The blue patterned background is actually from a photo of a meal on a plate. And for the cherry pie, I used a photo of an icing cake with pink flowers. There are a couple of concerns regarding using magazines and books for close-ups. One, make sure you don’t reveal too much of the background to be recognisable, or it could breech copyrights. Two, you can see all the printed coloured dots from being too close. I don’t mind these too much, since most people view thumbnails when finding items, and the dots are not noticeable then. It’s a small price to pay for using your own magazines and books, since they are the cheapest means possible.
I hope my long post has been helpful, in some way! Next time, I will talk a bit about my home made lightbox, although I still have yet to use it. I always just wait for morning, and leave the lightbox for emergencies.
All the items pictured are available from my stores on ArtFire and Etsy.
Sorry old fruit canes, you didn’t satisfy me, so I made new ones. I’ve finally gotten around to it! Everyone knows my old bananas, they were stylised and the 6 seeds were not in the location I wanted them to be. It was the second cane that I had ever done in my life. Now take a look at my new bananas!
The left image is the one with my new canes. The right one compares my new to my old ones. They look a little better and less stylised. It’s an improvement, but I still need to make the darker bits surrounding the seeds a little brighter next time, and perhaps the seeds could be slightly darker. Not perfect, still… but I definitely prefer them to my old crappy ones!
Mmm… Banana slices!
And my oranges… poor things, I didn’t like them at all… too yellow, too small. I kept telling myself that they were mandarin oranges, but still, in my mind, they were horrible. So, I sold the whole lot! I made them really cheap and sold them, just so I could wipe my mind clear and start a new orange cane.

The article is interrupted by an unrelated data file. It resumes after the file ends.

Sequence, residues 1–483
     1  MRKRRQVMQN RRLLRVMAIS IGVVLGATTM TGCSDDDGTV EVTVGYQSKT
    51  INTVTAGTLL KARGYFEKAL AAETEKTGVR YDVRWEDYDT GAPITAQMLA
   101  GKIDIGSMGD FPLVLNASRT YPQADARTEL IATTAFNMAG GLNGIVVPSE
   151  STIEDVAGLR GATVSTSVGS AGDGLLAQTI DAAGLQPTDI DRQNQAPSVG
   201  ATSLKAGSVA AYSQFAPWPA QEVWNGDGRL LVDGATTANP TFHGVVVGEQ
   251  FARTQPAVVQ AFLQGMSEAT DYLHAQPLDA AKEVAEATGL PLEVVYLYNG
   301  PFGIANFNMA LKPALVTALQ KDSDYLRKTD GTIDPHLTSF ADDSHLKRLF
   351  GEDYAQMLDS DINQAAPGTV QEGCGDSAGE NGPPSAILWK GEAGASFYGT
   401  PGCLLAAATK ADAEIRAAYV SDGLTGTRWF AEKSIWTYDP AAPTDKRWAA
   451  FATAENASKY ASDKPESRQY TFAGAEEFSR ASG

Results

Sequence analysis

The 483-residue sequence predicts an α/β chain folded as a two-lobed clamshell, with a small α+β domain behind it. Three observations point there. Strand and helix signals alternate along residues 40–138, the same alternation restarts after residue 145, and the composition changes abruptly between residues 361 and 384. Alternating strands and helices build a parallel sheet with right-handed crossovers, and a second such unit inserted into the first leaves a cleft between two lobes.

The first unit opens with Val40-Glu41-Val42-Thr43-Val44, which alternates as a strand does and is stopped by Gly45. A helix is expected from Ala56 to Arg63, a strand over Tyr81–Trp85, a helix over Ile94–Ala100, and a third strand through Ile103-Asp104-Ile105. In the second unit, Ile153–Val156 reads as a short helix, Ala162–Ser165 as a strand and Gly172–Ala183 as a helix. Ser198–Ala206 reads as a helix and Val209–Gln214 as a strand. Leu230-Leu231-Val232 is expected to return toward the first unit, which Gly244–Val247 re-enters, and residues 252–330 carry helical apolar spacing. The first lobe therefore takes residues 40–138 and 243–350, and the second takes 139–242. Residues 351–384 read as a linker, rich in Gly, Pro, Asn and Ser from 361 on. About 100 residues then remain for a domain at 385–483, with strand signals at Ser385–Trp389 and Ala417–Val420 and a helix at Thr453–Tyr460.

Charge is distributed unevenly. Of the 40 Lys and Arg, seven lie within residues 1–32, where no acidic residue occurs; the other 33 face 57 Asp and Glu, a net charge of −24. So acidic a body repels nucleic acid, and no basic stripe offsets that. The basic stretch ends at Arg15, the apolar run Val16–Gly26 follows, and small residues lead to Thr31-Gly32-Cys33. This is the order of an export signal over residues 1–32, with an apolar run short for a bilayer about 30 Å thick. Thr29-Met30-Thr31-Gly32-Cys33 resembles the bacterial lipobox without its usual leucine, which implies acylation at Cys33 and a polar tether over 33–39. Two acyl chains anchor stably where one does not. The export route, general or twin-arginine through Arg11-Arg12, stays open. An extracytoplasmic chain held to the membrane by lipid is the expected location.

As you can see, it starts off as a stump with ugly ends, but the pattern inside should look fine. I slowly reduce the cane and elongate it…
Once at 1-1.2cm in diameter, I cut it in half to investigate! Looked good, so I elongated it till 6-7mm, which should be about right. My last batch was way too tiny, and I should learn from my mistakes. And finally, I cut off the ugly ends until a nice fresh pattern started on all the canes. I was left with lots of leftover unbaked clay, which I normally re-use when I need that colour, or when I make another cane. No wastage!
Let’s compare the old with the new:
I certainly like the colour change! The size is right too, but I added an extra layer before the skin, and the entire skin part might now be a tad bit thick. Nothing’s perfect, I suppose. Hope you enjoyed the photos!
Sorry posts have been far between. For once, I’ve been busy making miniature food and taking photos! I’ve also been thinking about new products and what might better suit my audience, thanks to Andrew from Plug Market. He had a good point that got me thinking about what products to target at different audience types. A good friend, Juanita from JuanitaTortilla on Etsy, also suggested that I start selling my fruit canes. It could work, but could also backfire because I lack the seasoned experience that I need to make consistent-looking canes. My luck is almost 50-50 right now. I made an orange fruit cane while Juanita was visiting, and I think I rushed it a bit. I made the canes too small and I also forgot to add a light orange layer before adding the ‘skin’ layer. You’d think a miniature fruit cane could not be too small, but it is… I made it 3mm, but I have found that I prefer slices at 5-6mm. So, while it still looks alright, it’s not really up to my standards as I had hoped.
Here, you can see how they look in varied sizes.
Now, on to photos of my products!
These were just listed on Etsy and ArtFire, along with a listing combining the two to make a set.
These are earring charms that are part of my new line of interchangeable earrings. The ear wires come in 3 sizes, and each size comes in the whole set of colours, for even more options when coordinating with outfits. I hope these sound like a good idea… I’ll also be adding more options to allow buyers to ‘stack’ charms together.
This sure is a week of features and promotions!
A big hearty thank you to Andrew Weaver of Plug Market for writing an article on me and my polymer clay miniatures, entitled “Artist Review: How a formal education enhances your craftsmanship”. Andrew is a professional marketing consultant who is writing about artisans to help promote their products, as well as provide valuable advice on how to effectively market handmade products online. Definitely has a space on my bookmarks list! I already found a few tips that I just have to try.